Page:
Baseball has a variety of relatively simple yet accurate measures of player performance. As we report in The Wages of Wins, slugging average explains 81% of a team’s runs scored. On-base-percentage does a bit better, explaining 83% of runs scored. OPS, which adds on-base-percentage and slugging average together, explains 90% of runs scored. Although one can do a better than OPS with measures like linear weights, once you are at 90% there isn’t too much room left for improvement.
One of the objectives we had in writing The Wages of Wins was to create simple and accurate measures of performance for basketball and football. In basketball we offered Win Score.
Win Score = PTS + REB + STL + ½*BLK + ½*AST
– FGA – ½*FTA – TO – ½*PF
Win Score is a simplification of Wins Produced. To calculate Wins Produced you must multiply a player’s stats by the value of those stats (value in terms of wins), compare your result to the average performance of a player at his position, and then adjust for a few statistics only tracked for the team. If all your looking at is a single game, or if you are just plain lazy, all these steps are a bit tedious. Hence the need for the Win Score metric.
Win Score is certainly simple. But is it accurate? We note in the book that productivity per minute (the first step in calculating Wins Produced) and Win Score per minute have a 0.99 correlation. Position matters in the evaluation of an NBA player, so one should adjust Win Score for the average Win Score at the position the player plays. If we compare position adjusted Win Score per minute and Wins Produced per 48 minute [WP48] we see a 0.994 correlation. As we state in the book, what matters in the evaluation of a player is the player’s statistical production relative to what an average player produces at that position. The team adjustment, despite the claims of a few critics of Wins Produced, has a negligible impact on the ultimate evaluation of a player.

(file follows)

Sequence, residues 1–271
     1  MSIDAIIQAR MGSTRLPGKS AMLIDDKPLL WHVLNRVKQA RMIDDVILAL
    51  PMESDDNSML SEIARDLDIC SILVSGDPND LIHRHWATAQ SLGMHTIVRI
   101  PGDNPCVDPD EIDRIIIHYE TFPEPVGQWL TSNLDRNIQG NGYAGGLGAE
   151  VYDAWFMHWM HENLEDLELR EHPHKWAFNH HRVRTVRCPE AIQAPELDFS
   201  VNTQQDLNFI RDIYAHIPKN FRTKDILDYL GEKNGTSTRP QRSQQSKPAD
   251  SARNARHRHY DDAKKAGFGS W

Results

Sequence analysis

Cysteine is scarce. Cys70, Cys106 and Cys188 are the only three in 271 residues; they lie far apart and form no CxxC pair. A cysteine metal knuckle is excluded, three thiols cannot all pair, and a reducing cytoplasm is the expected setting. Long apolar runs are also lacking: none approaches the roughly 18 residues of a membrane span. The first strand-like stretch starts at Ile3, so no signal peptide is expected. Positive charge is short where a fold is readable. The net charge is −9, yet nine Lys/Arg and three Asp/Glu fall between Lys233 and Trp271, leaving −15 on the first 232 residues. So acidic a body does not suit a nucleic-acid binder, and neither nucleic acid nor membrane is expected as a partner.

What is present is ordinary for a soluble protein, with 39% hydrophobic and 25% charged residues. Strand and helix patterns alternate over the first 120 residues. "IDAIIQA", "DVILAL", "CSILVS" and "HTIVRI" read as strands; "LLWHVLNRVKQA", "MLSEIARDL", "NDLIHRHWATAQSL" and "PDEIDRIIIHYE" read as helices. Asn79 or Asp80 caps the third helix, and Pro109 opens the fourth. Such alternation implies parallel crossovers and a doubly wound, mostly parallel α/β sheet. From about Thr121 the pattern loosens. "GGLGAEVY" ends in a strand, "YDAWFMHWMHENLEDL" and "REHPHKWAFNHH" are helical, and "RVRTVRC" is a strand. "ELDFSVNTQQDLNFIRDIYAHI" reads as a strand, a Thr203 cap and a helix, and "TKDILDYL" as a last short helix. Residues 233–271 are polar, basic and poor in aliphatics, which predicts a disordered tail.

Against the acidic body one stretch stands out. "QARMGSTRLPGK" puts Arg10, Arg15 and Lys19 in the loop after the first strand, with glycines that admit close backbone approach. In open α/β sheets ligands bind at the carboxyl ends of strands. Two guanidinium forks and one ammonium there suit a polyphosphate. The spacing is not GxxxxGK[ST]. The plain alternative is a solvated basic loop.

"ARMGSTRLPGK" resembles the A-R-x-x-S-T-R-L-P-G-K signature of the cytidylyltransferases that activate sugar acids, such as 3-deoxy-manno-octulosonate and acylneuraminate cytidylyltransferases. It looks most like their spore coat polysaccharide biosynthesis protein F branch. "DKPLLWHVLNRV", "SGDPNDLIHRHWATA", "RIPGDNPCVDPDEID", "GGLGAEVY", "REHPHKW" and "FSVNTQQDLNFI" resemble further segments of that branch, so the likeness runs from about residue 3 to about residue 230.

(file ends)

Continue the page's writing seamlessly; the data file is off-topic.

Refuting a few critics who claim the team adjustment drive the accuracy of Wins Produced is not the purpose of this post. No, the purpose is to highlight the simplicity and accuracy of Win Score. And nothing highlights the simplicity of this metric more than the following websites:
None of these blogs are officially associated with any writer of The Wages of Wins. In fact, I do not think they are associated with each other. No, independently three different blogs have begun using Win Score to tell stories about the NBA.
Hence, one objective of The Wages of Wins is being realized. In developing metrics like Win Score and QB Score it was hoped that other people would find these measures useful.
Here is how Win Score has been put to use.
At NBA Babble and Win Score, a brand new blog found at winscore.blogspot.com, three stories have already been posted. The comment on John Amaechi is especially interesting.
Sportzilla and the Jabber Jocks highlighted in a post from yesterday the simplicity and accuracy of Win Score adjusted for position played. If you consider the Top 30 players in Wins Produced, posted on this forum about two weeks ago, and the top players in Win Score adjusted by position played – noted at Sportzilla in the following post: Who’s Got the Most Game? – the similarities in the two metrics becomes quite obvious. Yes, you can analyze NBA players with just Win Score, as long as you remember that position played matters.
Finally, there is The Disappointment Zone, which as the following posts highlight, has been using Win Score to analyze the Cleveland Cavaliers this season.
I should add that The Disappointment Zone has also used QB Score to analyze the Cleveland Browns. Here are a few of the football posts from The Disappointment Zone.
Initially this forum held a monopoly on basketball and football analysis employing Win Score and QB Score. Certainly I am very happy other people have started using these simple metrics and I look forward to reading more stories from these three sites (as well as anyone else applying these measures to the analysis of basketball and football).